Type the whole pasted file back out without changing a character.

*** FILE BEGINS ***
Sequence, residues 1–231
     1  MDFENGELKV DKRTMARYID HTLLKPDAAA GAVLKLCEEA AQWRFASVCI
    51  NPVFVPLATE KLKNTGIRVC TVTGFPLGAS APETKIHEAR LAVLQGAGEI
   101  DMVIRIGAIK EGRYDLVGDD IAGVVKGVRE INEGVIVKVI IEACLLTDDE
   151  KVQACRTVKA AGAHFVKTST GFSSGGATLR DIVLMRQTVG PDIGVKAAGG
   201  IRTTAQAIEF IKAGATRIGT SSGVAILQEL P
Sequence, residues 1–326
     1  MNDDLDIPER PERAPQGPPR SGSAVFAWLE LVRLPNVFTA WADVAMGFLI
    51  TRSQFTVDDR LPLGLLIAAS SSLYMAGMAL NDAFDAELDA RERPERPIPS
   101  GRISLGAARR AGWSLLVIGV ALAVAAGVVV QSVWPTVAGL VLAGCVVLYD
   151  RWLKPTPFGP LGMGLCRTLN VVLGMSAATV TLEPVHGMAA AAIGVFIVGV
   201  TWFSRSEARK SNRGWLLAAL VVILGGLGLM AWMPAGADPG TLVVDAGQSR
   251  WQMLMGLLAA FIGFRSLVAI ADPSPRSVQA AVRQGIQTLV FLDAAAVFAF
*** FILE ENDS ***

Sequence, residues 1–231
     1  MDFENGELKV DKRTMARYID HTLLKPDAAA GAVLKLCEEA AQWRFASVCI
    51  NPVFVPLATE KLKNTGIRVC TVTGFPLGAS APETKIHEAR LAVLQGAGEI
   101  DMVIRIGAIK EGRYDLVGDD IAGVVKGVRE INEGVIVKVI IEACLLTDDE
   151  KVQACRTVKA AGAHFVKTST GFSSGGATLR DIVLMRQTVG PDIGVKAAGG
   201  IRTTAQAIEF IKAGATRIGT SSGVAILQEL P
Sequence, residues 1–326
     1  MNDDLDIPER PERAPQGPPR SGSAVFAWLE LVRLPNVFTA WADVAMGFLI
    51  TRSQFTVDDR LPLGLLIAAS SSLYMAGMAL NDAFDAELDA RERPERPIPS
   101  GRISLGAARR AGWSLLVIGV ALAVAAGVVV QSVWPTVAGL VLAGCVVLYD
   151  RWLKPTPFGP LGMGLCRTLN VVLGMSAATV TLEPVHGMAA AAIGVFIVGV
   201  TWFSRSEARK SNRGWLLAAL VVILGGLGLM AWMPAGADPG TLVVDAGQSR
   251  WQMLMGLLAA FIGFRSLVAI ADPSPRSVQA AVRQGIQTLV FLDAAAVFAF